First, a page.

What Would Mark Twain Drive?

If Mark Twain, the most well-known and popular American satirist, were alive today, which car would he choose to drive?

This is a fair question. One that auto nerds and literature buffs like myself might ask. Towards the end of his life, Mark Twain said many things about automobiles. In his 70s, at the turn of the century, Twain was seeing the beginnings of the automotive industry. He obviously saw the implications and seemed to enjoy the shakeup the auto was creating for the American way of life. If the writings Mark made during this time were any indication, anyway.

Mark Twain is quoted in Motor, a magazine of the period, as saying:

“I do not own a motor-car but I recommend them to all my friends and advise them to buy a car–so that they will come around and take me out in it. Somehow or other, riding over a rough road in a motor-wagon jolts certain parts of my torso that need to be jolted, but seldom ever do get jolted, same as when I run up stairs. It’s splendid exercise and limbers up and promotes springiness–of the stair boards.”

That quote was part of a larger article appearing in the magazine discussing Mark’s love of motor cars. It has been reproduced on Twain Quotes. That article included photographs from Oldsmobile of Mark Twain in the back of a Double Action Olds driven by race car driver Ernest Keeler, just a few months before Keeler died in a racing accident.

So now that we’ve established that Twain was a fan of cars, which one would he choose to drive today? The question isn’t as easy to answer as one might expect. Mark was, after all, an odd duck if ever there was one. Further, the man is of huge renown today and even has his own forest named after him in Missouri, the Mark Twain National Forest. So far as we know, however, there are not (yet) any cars named after this legendary American figure.


For our exercise here, we will assume that Mark Twain is about 70 years of age, as depicted in the above photograph, and at the height of his popularity. We will also assume that he is largely interested in “everyman” cars rather than high-end luxury vehicles, avoiding the question of whether he’d let his car choice be made as much by his celebrity status as by his personality. Sorry, but no Bieber chromed Fiskers for the Twain.


Given the fact that cars of Twain’s era were nearly all open-top vehicles, we can justifiably assume that a convertible would be within his top picks for a vehicle to own. Further, since the only car club I could find that bears Mark Twain’s name is a Corvette club, we can surmise that at the very least, fans of Mark believe that the ‘Vette would be his convertible of choice.

Possibly challenging the beautiful Corvette for Mark Twain’s affections, however, would be the Ferrari F-Type. Although Twain had mixed feelings about Italians in general, according to his written works, we can assume he’d see only the best in this beautiful new Ferrari.

Of course, the F-Type might be a little far out for our man here, who may have instead preferred the fun but more sedate cruising available in the Mazda MX-5 Miata. This is the best-selling roadster in the world, so seeing Twain in one would not be much of a shocker.



Even with all of this, though, Mark Twain is going to need an everyday car. The one that he drives around or is driven around in by friends on a daily basis. This is a tougher choice as all we have to go on is Twain’s exuberant personality and snarky wit to help us find the right car.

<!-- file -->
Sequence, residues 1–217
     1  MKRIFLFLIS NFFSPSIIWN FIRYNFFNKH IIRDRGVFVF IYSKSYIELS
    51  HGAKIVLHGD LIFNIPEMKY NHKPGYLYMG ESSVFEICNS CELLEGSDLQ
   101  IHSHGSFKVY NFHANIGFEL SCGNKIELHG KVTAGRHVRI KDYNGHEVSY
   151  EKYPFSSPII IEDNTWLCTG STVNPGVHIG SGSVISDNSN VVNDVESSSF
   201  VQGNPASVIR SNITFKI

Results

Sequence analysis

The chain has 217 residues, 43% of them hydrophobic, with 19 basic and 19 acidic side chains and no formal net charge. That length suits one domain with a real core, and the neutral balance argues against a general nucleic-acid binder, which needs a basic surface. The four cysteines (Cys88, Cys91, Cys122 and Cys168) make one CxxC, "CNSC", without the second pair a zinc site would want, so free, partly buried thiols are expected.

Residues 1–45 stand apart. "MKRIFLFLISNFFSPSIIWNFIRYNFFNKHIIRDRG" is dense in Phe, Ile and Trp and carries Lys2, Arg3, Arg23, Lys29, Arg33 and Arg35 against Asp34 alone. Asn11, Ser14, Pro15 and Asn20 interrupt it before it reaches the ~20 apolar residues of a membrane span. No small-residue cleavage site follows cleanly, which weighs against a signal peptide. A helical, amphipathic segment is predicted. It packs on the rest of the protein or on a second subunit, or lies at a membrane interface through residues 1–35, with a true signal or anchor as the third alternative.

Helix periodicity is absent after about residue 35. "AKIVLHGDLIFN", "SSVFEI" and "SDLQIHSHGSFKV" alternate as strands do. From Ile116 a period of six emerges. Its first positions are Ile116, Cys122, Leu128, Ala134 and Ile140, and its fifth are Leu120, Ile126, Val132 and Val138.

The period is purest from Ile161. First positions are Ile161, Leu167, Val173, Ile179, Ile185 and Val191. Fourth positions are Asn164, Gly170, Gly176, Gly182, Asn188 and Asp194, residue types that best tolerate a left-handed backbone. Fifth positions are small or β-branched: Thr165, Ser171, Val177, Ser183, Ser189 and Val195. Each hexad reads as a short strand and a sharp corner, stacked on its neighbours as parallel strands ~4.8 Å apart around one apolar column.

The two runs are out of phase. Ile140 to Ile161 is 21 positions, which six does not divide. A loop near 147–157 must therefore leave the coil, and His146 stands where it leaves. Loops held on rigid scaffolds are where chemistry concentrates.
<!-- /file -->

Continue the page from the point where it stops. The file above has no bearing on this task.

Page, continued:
The new Ford Fusion is a beautiful car and a good everyday choice for the average person, so it would not be difficult to see Mark Twain with one. Probably in red. Maybe as an Energi model with all the new wizzbang plug-in gadgetry. That would fit his personality for sure.

On the other hand, Mark was a bit of a showboat and had some old man gangster about him, so perhaps he’d prefer a full-sized American sedan of proportion and style. For that, we turn to the Chrysler 300, a near-perfect choice if those are the criteria.


But wait. Mark Twain was a bit of an adventurer, though truth be told, most of his adventuring was from the windows of a train when he got to the stately age group. Still, we cannot discount his love of bouncing around, as the quote above suggests, so let’s look at some offroading.

Here, we have two choices, pickup trucks and SUVs. Probably the easiest to make is the Jeep Wrangler Rubicon, which would definitely be Mark Twain’s style. If you cannot picture Twain on a Moab Jeep safari, you haven’t read Roughing It.

For a pickup truck choice, though, I doubt Mark would be interested in a full-sized truck with its inherent offroad limitations. So we look to the midsize category, where we really only have one that’s worth choosing: the Nissan Frontier. This little machine with the Pro-4X package is as good as it gets in small truck offroading.


As we said earlier, though, if any phrase describes Mark Twain it’s the phrase “odd duck.” An American oddity like him would require us to consider some of the more unusual vehicles being offered by manufacturers today. Two come immediately to mind.

First, we have the Fiat 500L. This is a fun little car with an unusual look and fun appeal. These are probably things that would appeal to a world traveler like Mark Twain.

Next, the Nissan Juke is another choice. This is an exciting little crossover that, strangely enough, when you’ve driven it, seems to endear itself to people in a way that doesn’t often happen in automotive. Twain would definitely pick up on that.

Waiting for the Roast

Now that our list of Mark Twain’s choices for vehicles is complete, we await the inevitable roasting and commentary about how we “missed” this or that or skipped the “obvious” in some way. Have at it!

Photos in this article courtesy of the Mark Twain House.